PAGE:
A bookseller…this may be my actual trade, or perhaps it is the disguise behind which I seek refuge from the doubt and suspicion of the travellers in this caravan of perfumes headed from Baghdad to Damascus.

I make myself scarce during their evening conversations, not biting at the bait that they throw my way to entice me to join their circle of chatter. My words are short, concise. My movements quick and nervous. Will they realize that I’m on the run? Not only am I transporting the books of philosophers and heretics but also the commandments of the People of Divine Justice and Unity – or the Mu’tazila as their opponents call them. I know not which position I will end up in. I amstill a soul in limbo in an intermediary position – suspended between belief and unbelief – a limbo embodied by this age, labeled the golden age.

I am Mazid Al-Hanafi, son of Abdullah Thaqib Al-Hanafi and Shama Al-Wailiyya.

Everything I have is lacking and small. Even the fat on the ribs of my middle-aged she-camel is only as much as a shibr, the width of my hand. I named her Shibra on the advice of the Pharisee Bedouin that I purchased her from, below the southern wall in Baghdad.  He told me that Shibra is the name of a great jinn that lives in the Sahara and if I called my camel by that name, then Shibra would possess her and make her light and quick, easily swept up by the winds like her spiritual counterpart. And when this happened, she would cross desert after desert with me, one painstaking step at a time, and never disobey me!

But it seems that when the mighty Shibra jinn reached my camel, she loathed the idea of entering such a disheveled beast: protruding bones, droopy eyelids, split hooves. Falling behind the caravan, each step difficult, enduring the chest laden with books on her behind, eaten away by journey upon journey. Would that be due to the onerous burden of the books penned by philosophers and heretics on her back?

More than two years ago, we passed by the grave of Abu Tahir Al-Jannabi Al-Qarmati in Al-Ahsa. The caretakersof the tomb told us that the she-camel that had carried the black stone for the Ka’ba that had been snatched away to Al-Ahsa, knelt here and grew fat, and bore two calves every year. They told us quite a number of wondrous tales, the caretakers did, among them that the body of Hamdan Al-Qarmati never decayed in his grave because the worms were kept away from his holy body, and that there were towering men in green robes circling round his tomb nightly, worrying the tasbeeh beads, praising God. All this while the philosophy tomes on Shibra’s backside dug into her flesh one jolt at a time.

* * *

From Baghdad, I had intended to travel to Damascus. Its mosques, its scholars, its libraries, all seemed to have so much to offer me. The Damascus of Muawiya… I always picture him wearing Caesar’s crown rather than a turban, vainly strutting around in a loosely hanging cloak of red silk, his bright eyes betraying the shrewdness and lustfulness of a capricious king.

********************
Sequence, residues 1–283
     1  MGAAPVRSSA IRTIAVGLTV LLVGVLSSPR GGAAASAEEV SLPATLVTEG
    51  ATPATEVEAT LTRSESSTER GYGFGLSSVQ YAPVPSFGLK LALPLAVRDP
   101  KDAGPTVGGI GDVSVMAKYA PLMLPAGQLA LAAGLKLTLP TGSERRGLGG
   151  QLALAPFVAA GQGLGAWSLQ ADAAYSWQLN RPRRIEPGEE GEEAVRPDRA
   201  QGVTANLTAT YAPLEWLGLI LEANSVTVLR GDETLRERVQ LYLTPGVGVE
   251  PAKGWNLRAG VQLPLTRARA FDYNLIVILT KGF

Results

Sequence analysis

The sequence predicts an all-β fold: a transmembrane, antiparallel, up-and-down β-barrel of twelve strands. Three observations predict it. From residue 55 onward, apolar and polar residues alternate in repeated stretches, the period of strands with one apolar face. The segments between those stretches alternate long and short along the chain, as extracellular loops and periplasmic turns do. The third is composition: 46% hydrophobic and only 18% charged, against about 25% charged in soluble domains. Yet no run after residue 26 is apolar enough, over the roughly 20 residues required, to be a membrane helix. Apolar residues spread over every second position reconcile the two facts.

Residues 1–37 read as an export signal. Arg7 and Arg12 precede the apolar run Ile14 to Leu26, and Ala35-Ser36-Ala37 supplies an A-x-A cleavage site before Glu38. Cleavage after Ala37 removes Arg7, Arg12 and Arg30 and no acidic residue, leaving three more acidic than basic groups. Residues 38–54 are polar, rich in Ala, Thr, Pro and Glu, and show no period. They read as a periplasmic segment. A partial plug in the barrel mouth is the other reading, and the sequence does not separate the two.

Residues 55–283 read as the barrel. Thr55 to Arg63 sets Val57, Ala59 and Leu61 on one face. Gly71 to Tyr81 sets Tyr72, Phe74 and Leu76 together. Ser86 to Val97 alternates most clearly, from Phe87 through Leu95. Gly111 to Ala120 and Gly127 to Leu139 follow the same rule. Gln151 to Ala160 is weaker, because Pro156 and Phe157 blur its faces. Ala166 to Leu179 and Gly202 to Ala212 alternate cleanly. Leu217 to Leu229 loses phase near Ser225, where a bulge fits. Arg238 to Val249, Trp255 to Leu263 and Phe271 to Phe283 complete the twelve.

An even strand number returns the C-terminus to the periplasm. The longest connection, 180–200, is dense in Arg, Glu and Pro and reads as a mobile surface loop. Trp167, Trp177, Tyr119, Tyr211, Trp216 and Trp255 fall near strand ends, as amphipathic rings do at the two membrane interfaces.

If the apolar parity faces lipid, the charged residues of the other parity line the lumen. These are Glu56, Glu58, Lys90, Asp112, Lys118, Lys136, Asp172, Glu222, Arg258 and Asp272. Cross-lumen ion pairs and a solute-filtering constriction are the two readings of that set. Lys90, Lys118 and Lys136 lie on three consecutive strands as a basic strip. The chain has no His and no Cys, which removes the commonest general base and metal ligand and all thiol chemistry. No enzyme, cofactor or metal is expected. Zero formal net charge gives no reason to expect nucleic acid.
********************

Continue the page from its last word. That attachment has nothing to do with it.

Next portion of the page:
My grandfather was both the sheikh and imam of the mosque at the fort of Bani Al-Ukhaydir, in the town of Hajr al-Yamamah at the heart of the Arabian Peninsula. After each prayer he called out from the pulpit for God to grant the descendants of Ali long life, empowerment and rule on earth. All the worshippers accordingly responded with ‘Amen.’

Yet he never cursed Muawiya. He would only say: “The Shiites are Ahl Al-Bayt, the descendants of the prophet, and they are in disagreement with the people of Damascus, a disagreement which originates from a dispute over power. Muawiya was therefore an aggressor, but once he had established himself as ruler and his rivals had surrendered, he was a just Caliph, with an army and conquests which will be added to his good deeds.”

When I was born, he named me Mazid, after his grandfather. The men of Bani Al-Ukhaydir gathered around him and said: “Mazid is nothing but a rearrangement of the letters of the name Yazid Ibn Muawiya, may God punish him with what he deserves. How could you give your grandson this name?” He didn’t pay them any heed, refusing to change my name. Instead he asked God to give me a long life, blessings and knowledge.


Those coming from Damascus say that the last remaining original copy of Uthman’s Quran, which he had sent to different countries, was kept in the libraries of the Umayyad mosque, and that the pages of this very Quran had traces of his blood on them. In the markets of Baghdad, the booksellers mock this story and describe those who tell it as charlatans, since Uthman was killed in Medina and his Quran was supposedly in Damascus. So, how was such a story still circulating in Iraq?